Volatile Anaesthetics

Inhaled agents

Mechanism of A ction - Uncertain

Anatomy Site Comment
Macroscopic CNS Transmission disrupted throughout CNS
  Brain vs Spinal cord Decerebration does not alter anaesthetic requirements
Microscopic Axon vs Synapse Axonal disruption needs higher concentration than synaptic disruption
  Excitatory vs Inhibitory Blockage and enhancement of excitatory transmission occurs
  Pre vs Post synaptic Intracellular [Ca 2+] alters pre and other ions alter post
Molecule Membrane The Meyer-Overton rule states that the potency of an anaesthetic is proportional to its lipid solubility.  This suggests a lipophilic site of action.
  Lipid vs protein Both involved

The most likely site of action are proteins, specifically ion channels, membrane receptors and intracellular enzyme systems. The idea of a unitary theory of anaesthesia must be considered obsolete.  It is clear that drugs that act at multiple sites to produce anaesthesia.
  1. The GABA A receptor-chloride channel is a ligand-gated inhibitory complex that contains modulatory sites for benzodiazepines, barbiturates, etomidate, propofol, steroid anaesthetics and volatile anaesthetics.   Intravenous and inhalational anaesthetis also modulate the presynaptic release or uptake of GABA
  2. There are at least six different classes of voltage-sensitive calcium channels , at least three have been linked to the action of volatile and intravenous anaesthetics
  3. Nitrous oxide, Xenon and ketamine preferentially act on the N-methyl-D-aspartate (NMDA ) receptor
  4. The Muscarinic complex is important in memory and consciousness.
  5. The neuronal nicotinic acetylcholine receptors (nACh) have their slow desensitised conformational state stabilised by all general anaesthetics.
  6. Halothane, enflurane, isoflurane, desflurane and sevoflurane, at clinical concentrations, significantly suppress voltage-gated sodium channels.

B iokinetics








A bsorption

D istribution

  1. Factors affecting the rate of delivery of an anaesthetic to the lungs
    1. The inspired partial pressure of volatile agent
    2. The "second gas effect"
      • The concentrating effect
      • The passive increase in alveolar ventilation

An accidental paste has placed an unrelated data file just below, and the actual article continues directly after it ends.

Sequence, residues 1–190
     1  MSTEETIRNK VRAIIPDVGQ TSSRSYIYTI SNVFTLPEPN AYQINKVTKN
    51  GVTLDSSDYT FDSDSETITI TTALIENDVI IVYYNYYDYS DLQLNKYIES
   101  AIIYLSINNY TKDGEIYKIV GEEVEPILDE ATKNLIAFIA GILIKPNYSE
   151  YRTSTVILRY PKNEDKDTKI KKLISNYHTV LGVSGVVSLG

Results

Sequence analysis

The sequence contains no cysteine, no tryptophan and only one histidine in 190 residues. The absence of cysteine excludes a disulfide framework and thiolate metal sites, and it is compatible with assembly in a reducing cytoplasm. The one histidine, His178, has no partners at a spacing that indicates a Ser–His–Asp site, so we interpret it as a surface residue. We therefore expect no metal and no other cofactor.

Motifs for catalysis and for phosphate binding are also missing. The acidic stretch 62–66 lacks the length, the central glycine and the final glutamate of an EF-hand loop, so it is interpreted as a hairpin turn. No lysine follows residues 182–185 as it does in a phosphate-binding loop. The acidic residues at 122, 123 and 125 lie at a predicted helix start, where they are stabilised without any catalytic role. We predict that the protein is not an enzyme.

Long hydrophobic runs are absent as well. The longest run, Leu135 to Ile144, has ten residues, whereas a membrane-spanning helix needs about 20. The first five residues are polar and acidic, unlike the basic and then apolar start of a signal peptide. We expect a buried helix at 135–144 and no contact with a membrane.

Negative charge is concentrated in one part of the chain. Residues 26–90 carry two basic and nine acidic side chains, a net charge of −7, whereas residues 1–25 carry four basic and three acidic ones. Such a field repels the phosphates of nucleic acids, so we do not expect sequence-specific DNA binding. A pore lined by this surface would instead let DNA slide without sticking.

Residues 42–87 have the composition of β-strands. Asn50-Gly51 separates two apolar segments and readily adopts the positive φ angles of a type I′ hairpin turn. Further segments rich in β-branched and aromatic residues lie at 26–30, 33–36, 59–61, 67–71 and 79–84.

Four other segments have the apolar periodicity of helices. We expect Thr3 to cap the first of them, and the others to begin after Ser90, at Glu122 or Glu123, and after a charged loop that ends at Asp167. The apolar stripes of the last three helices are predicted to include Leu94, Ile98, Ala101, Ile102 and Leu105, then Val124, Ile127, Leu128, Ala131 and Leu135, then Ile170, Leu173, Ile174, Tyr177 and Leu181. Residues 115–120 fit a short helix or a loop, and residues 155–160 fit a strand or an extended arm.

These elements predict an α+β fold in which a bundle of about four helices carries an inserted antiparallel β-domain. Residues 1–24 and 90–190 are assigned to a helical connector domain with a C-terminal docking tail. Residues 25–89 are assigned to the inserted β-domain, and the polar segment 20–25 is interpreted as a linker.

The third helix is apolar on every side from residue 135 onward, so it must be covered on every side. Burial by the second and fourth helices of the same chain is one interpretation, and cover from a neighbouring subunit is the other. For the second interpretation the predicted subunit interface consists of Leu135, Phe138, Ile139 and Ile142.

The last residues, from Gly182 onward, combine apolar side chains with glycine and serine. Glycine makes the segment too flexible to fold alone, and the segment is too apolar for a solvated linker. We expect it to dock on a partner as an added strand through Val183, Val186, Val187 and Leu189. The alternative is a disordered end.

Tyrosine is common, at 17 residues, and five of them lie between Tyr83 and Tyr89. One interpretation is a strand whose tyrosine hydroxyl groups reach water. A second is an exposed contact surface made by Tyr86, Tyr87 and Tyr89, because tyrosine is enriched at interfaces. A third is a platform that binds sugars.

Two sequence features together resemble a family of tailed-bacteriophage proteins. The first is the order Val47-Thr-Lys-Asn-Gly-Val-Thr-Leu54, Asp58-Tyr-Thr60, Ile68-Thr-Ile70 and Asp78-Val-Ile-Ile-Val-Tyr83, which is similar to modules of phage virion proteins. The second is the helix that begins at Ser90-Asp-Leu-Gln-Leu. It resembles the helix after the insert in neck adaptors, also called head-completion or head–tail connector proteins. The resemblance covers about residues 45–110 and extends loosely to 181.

3. Alveolar ventilation
  2. Factors affecting the uptake of anaesthetic from the lungs
    1. The blood gas solubility coefficient (Blood/Gas)
    2. The cardiac output
    3. The difference between mixed venous and alveolar volatile partial pressure
  3. Factors affecting uptake of anaesthetic by the tissue (mixed venous partial pressure)
    1. Blood tissue solubility coefficient
    2. Tissue blood flow (vessel rich vs muscle group vs fat group)
    3. The difference between tissue and arterial volatile partial pressure (oil/water)


2.5 1.91 1.4 0.42 0.6 0.47 0.115


220 120 170 18.7 55 3 20


1.9 1.4 1.9 1.3 1.7 1.1  


1.8 ? 1.6 1.3 1.8 1.1  


51 36 45 27 48 2.3  


2.1 2.1 1.8 1.3 1.8 0.8  


1.2 1 1.1 1 1.2 0.85  


3.4 1.7 2.9 2 3.1 1.2  
M etabolism Oxidation in the liver to T ri F luoro A cetic acid and free fluoride ions   Hexa-fluoro- isopropyl Nil Nil


20-50% 2% 0.2% 0.02% 2% - -

E xcretion

Breath and urine Breath Breath

C hemistry







Halogenated Alkane Halogenated Methyl ethyl ethers Methyl- Isopropyl -ether Gas Nobel Gas



CH(CF 3 )2 0CH 2 F





D ose - Given via a calibrated vaporiser

A standard measure of potency is the Minimal Alveolar Concentration. This is the alveolar concentration of an agent, at one atmosphere required to produce immobility in 50% of patients when exposed to a noxious stimulus (defined as skin incision in humans).

Note no mention of the times involved are mentioned and one presumes steady state.

MAC is "Decreased" by

MAC is "Increased" by















E ffects









Cardiovasc Dose dependant depression

No effect


-- --- - - - - No effect